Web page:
Advice on Consultants: The OCC’s guidance on using third-party consultants during enforcement actions

As part of an enforcement action or when remedial actions are needed, the Office of the Comptroller of the Currency may require national banks and federal thrifts to engage an independent consultant to ensure that independent judgment and the requisite expertise are employed. In November, the OCC issued Bulletin 2013-33, which establishes standards and provides guidance to national banks and, federal savings associations when engaging independent consultants as part of an enforcement action to address significant violations of law, fraud or harm to consumers.

The bulletin is not applicable when the OCC requires a bank to hire a consultant to provide expertise needed to correct operational or management deficiencies.  In those circumstances, banks should review and implement the guidance outlined in OCC Bulletin 2013-29 titled “Third-Party Relationships.”

Through its enforcement authority, the OCC has ordered banks of all sizes to retain independent consultants. Such consultants have been engaged to:

When the OCC determines that an enforcement action requires the use of an independent consultant, the agency requires a bank to submit due diligence information conducted on the independent consultant, including the proposed independent consultant’s qualifications and terms of service for OCC’s review and approval.

The guidance outlines three primary areas of consideration when conducting due diligence on the consultant:

  1. Due diligence expected of an institution proposing to engage an independent consultant. In conducting due diligence, a bank should be guided by OCC Bulletin 2013-29, “Third-Party Relationships: Risk Management Guide,” as well as by 2013-30 Guidance.

When a bank submits the determination of supervisory no objection to a proposed independent, it should submit its evaluation of the consultant’s qualifications, independence, resources, expertise, capacity, reputation, information security and document custody practices, risk management and reporting, conflicts of interests, financial viability of the consultant and any professional disciplinary actions filed against the consultant and the impact of such actions on the engagement.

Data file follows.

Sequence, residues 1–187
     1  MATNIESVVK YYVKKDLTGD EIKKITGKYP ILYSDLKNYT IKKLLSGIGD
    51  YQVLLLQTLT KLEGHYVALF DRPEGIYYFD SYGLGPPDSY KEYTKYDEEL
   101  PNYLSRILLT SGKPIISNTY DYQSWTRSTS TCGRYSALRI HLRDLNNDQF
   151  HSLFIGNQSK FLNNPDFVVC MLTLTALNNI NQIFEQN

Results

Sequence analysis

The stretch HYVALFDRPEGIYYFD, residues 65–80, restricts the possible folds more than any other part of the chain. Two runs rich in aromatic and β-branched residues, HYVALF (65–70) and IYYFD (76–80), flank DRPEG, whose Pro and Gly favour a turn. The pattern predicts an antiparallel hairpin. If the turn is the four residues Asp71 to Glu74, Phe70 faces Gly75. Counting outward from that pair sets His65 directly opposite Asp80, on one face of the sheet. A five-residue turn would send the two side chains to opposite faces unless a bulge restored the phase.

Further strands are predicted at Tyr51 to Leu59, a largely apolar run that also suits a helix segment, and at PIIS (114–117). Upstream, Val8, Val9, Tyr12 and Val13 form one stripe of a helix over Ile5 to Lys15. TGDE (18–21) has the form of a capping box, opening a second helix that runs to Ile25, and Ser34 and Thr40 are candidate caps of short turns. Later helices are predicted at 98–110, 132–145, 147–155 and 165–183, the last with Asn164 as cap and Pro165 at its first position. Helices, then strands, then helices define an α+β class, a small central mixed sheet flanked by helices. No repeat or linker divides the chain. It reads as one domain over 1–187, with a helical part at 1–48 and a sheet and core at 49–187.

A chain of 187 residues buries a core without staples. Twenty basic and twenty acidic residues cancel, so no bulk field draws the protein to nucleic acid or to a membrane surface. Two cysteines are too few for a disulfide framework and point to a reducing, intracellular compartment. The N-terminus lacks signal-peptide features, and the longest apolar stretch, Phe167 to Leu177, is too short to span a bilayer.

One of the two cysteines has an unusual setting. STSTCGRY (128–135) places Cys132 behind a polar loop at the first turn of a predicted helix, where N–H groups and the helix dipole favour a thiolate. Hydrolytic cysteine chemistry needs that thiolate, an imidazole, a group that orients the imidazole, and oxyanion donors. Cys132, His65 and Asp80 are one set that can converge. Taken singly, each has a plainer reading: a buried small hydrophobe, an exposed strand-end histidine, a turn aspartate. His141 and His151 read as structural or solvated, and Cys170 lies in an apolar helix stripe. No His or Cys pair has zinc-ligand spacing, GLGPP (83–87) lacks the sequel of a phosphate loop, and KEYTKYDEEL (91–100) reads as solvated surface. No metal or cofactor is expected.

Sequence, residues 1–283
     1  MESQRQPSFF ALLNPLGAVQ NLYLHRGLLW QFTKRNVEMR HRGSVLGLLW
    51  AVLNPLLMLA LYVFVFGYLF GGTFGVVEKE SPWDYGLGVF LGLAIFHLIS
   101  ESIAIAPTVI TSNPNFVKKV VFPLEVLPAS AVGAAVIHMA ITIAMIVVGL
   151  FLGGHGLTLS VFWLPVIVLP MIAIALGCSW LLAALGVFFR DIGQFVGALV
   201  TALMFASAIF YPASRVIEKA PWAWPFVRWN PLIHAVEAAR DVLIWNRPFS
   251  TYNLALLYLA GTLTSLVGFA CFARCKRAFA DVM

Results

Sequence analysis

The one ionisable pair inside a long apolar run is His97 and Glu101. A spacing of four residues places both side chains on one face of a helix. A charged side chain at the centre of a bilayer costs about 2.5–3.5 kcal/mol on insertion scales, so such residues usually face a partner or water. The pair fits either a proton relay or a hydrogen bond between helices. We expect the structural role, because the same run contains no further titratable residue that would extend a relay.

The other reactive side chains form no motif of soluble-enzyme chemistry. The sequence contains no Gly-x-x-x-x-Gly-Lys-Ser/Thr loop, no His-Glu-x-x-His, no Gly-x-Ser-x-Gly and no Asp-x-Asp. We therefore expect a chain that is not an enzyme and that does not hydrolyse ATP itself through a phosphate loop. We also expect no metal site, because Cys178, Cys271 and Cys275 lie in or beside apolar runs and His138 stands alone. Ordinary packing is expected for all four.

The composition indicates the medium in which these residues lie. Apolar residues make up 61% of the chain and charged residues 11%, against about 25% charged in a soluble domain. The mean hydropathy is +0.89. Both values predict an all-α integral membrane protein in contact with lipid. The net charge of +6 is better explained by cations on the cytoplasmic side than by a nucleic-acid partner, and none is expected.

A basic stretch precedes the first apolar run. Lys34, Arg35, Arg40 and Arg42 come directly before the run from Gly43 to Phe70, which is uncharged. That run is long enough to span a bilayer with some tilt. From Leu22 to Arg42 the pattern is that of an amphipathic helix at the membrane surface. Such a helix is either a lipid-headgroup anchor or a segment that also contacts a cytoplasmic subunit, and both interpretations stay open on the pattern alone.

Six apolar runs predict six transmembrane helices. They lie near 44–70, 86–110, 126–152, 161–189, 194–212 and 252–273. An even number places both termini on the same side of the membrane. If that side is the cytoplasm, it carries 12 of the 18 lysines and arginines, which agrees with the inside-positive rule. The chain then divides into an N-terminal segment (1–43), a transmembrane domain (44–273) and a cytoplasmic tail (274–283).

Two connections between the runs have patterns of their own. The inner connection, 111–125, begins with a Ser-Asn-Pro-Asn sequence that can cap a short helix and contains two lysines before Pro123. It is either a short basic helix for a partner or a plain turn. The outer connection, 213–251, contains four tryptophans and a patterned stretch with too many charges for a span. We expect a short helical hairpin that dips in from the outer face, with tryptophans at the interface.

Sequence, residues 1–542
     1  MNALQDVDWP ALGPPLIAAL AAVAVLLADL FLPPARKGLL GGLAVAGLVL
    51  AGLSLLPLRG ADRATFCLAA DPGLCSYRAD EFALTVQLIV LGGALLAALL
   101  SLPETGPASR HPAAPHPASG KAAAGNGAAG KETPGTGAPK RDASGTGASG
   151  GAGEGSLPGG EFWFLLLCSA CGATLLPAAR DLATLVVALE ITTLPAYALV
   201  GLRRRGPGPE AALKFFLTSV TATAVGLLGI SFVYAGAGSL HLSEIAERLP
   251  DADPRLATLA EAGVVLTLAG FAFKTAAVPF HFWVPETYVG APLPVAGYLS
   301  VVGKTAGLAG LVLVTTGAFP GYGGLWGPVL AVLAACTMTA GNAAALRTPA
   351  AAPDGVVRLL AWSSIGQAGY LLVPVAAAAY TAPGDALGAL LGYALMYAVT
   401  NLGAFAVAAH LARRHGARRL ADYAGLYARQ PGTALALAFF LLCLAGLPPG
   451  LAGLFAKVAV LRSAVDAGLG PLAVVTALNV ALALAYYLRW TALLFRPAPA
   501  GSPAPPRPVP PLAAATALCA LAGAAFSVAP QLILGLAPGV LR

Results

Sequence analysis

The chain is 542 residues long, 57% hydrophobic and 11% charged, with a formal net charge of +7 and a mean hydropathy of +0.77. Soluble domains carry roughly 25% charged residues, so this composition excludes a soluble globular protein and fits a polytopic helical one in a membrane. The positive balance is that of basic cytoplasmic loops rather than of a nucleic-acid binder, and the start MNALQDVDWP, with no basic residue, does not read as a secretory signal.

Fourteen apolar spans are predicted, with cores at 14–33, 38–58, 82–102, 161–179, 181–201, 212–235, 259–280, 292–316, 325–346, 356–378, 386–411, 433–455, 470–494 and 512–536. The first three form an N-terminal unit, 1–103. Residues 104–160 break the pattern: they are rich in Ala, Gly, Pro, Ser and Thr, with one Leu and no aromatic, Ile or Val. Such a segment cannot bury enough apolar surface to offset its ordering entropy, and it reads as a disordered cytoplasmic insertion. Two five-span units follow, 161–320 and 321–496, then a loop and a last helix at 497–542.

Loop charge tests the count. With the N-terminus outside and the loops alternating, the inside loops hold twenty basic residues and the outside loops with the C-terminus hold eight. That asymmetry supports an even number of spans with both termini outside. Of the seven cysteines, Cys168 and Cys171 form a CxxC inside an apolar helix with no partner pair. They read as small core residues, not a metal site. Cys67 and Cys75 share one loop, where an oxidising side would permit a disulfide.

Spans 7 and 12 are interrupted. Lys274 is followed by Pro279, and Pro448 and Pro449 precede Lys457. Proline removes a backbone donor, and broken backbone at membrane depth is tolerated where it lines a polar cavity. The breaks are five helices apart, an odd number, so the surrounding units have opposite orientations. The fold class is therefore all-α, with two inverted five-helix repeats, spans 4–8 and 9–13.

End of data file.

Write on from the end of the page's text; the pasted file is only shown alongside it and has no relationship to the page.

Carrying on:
1. Assessing the independence of the consultant. The assessment of the proposed consultant’s independence should include any existing and prior relationships with the bank, affiliates or insiders; any potential conflicts of interest; and any other relevant factors. The bank should ask the consultant to provide assurances that the proposed engagement will not breach any professional restrictions governing conflicts of interest to which the consultant is subject.
  2. Engagement contract and work plan. The bank should ensure the proposed consultant engagement contract guarantees that:

Even while engaging an independent consultant, an institution’s board of directors will still be held responsible to ensure that all needed corrective actions are identified and implemented.

The OCC oversees compliance with the enforcement action and the progress of the engagement through its supervisory authority.  Considerations governing the agency’s monitoring include the (1) nature of deficiencies or violations the independent consultant is engaged to identify including with respect to recommendations regarding remediation (2) scope and duration of work and (3) potential for a materiality of harm to consumers and the bank.

During the contact, there may be interactions between the OCC, the bank and the consultant depending on the particular facts and circumstances addressed in the enforcement action, expertise and resources of bank management, nature of the independent consultant’s engagement and timeline for completing the engagement.

As part of the assessment of the bank’s compliance with the enforcement action, the OCC must determine whether the bank has addressed and corrected the violations or deficiencies that formed the basis for the enforcement action.  The OCC will review the independent consultant’s final written report of findings and recommendations to the bank’s board of directors and management.  This review provides the OCC the opportunity to assess whether all matters defined in the enforcement action and reviewed by the independent consultant were adequately addressed, and if not, the OCC may require the independent consultant to perform some additional work.

Kris Welch, CRCM, CAMS is a long time banker and financial services consultant with over 25 years experience in regulatory compliance, risk assessments, financial institution branch management, and real estate appraisal. As a former Bank Secrecy Act/Audit Project Leader with Wells Fargo, Kris has established, coordinated and maintained effective financial institution compliance and reporting programs. Please contact Kris at

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